Creating MIDI Drum Tracks for Your Songs
There are many different reasons for wanting to create MIDI drum tracks, maybe you don't have a band, or maybe you just want to write a full song by yourself for demonstrative purposes.
Regardless of the reason, in our current day and age, there are a lot of options out there these days that sound very professional, compared to just 15 years ago when you would have had to have used a drum machine that sounded like garbage.
So, consider yourself lucky.
Getting Started With MIDI Drum Tracks
Now, your MIDI drum software will likely come with some very good pre-programmed patterns and drum loops that you can use. As handy as that may be, chances are you are going to want to write your own patterns. You are, after all, the creative sort.
Below is an example of what creating a MIDI drum track on your computer will look like. Just a simple bit of programming and sequencing.
Programming Your First Beat and Making it Sound Real
- A good starting point would be programming the snare drum. This will act almost like a metronome as far as keeping the time of the song.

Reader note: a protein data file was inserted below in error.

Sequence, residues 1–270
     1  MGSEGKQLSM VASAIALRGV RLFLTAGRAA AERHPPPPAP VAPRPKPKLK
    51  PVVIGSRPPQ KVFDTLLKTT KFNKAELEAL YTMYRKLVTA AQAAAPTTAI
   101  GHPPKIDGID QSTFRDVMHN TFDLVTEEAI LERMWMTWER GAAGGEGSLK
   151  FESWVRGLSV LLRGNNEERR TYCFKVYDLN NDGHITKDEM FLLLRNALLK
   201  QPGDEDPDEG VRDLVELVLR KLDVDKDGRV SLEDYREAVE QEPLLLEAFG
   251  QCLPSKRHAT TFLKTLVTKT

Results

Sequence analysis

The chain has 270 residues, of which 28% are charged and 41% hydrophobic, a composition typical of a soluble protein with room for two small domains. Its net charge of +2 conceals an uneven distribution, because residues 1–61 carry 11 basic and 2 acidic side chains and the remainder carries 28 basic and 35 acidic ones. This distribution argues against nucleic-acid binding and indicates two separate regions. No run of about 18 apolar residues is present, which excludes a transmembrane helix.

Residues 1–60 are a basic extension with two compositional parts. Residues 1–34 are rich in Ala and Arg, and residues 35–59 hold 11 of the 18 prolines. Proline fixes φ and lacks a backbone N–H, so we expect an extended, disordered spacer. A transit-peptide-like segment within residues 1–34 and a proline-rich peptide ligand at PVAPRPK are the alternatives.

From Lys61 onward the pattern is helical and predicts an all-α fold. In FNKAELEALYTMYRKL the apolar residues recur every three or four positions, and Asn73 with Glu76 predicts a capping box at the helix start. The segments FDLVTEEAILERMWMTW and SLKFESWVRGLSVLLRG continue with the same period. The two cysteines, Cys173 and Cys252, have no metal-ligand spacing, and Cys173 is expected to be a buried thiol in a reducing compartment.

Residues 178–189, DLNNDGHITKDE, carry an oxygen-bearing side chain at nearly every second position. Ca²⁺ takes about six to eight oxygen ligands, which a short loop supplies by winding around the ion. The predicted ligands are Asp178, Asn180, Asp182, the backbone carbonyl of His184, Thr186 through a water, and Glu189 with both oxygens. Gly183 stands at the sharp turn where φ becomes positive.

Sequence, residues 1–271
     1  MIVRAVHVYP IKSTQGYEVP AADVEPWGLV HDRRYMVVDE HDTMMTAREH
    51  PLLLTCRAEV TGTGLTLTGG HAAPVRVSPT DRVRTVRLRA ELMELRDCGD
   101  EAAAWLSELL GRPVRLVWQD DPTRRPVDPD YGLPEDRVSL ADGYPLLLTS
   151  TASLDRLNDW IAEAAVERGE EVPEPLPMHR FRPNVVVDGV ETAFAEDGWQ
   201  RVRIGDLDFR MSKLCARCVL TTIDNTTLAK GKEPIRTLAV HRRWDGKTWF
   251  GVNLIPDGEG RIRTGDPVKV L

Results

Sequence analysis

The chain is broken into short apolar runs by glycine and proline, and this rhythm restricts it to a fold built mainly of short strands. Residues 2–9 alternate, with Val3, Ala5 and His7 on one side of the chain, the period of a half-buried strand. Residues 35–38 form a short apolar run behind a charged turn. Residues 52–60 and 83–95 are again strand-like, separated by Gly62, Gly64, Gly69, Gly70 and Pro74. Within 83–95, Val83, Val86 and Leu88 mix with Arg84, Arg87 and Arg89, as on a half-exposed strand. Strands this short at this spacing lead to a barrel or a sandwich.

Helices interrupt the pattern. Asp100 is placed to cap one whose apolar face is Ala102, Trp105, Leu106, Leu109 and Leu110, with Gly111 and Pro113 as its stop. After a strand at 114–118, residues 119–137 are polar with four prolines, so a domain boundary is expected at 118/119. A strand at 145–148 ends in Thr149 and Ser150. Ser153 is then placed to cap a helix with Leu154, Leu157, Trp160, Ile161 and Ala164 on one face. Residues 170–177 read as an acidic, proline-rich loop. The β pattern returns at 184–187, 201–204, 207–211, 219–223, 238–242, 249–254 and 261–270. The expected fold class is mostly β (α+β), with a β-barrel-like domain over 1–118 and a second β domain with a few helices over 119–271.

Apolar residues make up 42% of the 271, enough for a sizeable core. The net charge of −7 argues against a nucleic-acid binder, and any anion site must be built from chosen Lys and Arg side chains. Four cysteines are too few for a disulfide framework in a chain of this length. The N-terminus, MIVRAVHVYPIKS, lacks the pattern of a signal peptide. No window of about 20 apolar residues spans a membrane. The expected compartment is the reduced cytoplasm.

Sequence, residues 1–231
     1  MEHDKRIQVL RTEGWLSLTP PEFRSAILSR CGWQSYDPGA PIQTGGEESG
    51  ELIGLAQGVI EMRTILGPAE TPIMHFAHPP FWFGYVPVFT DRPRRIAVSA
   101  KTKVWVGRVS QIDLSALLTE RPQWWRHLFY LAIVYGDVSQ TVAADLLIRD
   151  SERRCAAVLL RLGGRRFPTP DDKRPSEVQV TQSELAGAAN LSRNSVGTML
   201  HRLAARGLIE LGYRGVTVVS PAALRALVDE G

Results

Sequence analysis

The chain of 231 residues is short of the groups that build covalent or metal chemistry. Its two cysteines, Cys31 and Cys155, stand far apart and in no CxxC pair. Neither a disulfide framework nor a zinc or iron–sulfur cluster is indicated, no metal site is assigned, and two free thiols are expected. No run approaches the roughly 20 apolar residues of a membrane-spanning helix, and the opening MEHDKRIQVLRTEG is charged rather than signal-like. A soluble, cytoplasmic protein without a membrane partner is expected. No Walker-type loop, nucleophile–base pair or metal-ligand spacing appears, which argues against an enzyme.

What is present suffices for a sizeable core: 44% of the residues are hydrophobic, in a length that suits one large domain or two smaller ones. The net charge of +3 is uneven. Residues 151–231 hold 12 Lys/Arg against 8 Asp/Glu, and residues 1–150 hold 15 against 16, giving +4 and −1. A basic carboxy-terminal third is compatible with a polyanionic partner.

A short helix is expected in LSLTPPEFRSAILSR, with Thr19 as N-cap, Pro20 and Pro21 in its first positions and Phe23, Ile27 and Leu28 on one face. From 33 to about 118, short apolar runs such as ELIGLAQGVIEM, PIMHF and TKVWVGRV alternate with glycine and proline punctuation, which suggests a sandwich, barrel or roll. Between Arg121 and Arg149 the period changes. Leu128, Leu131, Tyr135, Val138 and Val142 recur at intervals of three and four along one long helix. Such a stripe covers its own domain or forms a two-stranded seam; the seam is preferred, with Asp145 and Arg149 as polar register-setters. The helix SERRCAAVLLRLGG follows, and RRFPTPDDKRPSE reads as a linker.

- Next you will want to add your bass drum. Be sure to accent particularly interesting musical portions with the bass drum, perhaps throwing in a double or at least changing up the beat a bit.
- Then come the toms, followed by the cymbals.
Now, chances are that your first drum pattern is going to come out sounding very mechanical. Don’t worry over this too much though, you can make it sound more life like with a few tweaks. Namely, you want to work on the velocity and timing to give the pattern some dynamics.
- The velocity, in terms of drum patterns, refers to how hard a note is “hit.” Think about it, a human drummer isn’t going to mechanically hit the center of the drum with the same force every time. Edit the velocity up and down throughout to give it a more realistic sound.
- As for the timing, humans are prone to errors. Timing will not be 100% perfect every time and you should program your pattern to reflect this. Now, I’m not saying you should throw the timing of your song off, but a miniscule “misstep” here and there will give you a much more human sound.